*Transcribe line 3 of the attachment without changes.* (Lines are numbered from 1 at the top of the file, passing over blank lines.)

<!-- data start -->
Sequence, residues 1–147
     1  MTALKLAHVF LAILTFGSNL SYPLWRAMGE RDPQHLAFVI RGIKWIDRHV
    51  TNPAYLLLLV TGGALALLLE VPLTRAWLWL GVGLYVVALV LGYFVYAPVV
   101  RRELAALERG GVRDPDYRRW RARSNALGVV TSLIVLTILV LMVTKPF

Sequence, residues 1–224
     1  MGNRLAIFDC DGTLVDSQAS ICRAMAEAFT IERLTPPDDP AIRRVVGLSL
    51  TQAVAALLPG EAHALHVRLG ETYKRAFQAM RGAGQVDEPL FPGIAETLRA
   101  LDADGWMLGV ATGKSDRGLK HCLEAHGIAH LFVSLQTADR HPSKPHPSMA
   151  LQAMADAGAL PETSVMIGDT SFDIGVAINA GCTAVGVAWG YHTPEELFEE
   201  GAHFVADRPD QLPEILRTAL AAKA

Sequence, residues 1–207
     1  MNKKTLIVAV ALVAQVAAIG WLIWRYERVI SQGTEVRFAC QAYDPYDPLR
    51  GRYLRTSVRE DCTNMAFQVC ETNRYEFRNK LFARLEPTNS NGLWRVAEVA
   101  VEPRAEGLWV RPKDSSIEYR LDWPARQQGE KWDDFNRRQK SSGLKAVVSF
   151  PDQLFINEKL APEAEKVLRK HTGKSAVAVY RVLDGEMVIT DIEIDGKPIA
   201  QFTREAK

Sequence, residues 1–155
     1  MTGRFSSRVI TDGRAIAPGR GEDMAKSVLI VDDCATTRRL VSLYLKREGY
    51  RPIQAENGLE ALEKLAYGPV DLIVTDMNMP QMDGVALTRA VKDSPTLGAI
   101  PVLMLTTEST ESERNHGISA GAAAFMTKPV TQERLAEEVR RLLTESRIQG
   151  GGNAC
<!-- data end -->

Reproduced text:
    51  TNPAYLLLLV TGGALALLLE VPLTRAWLWL GVGLYVVALV LGYFVYAPVV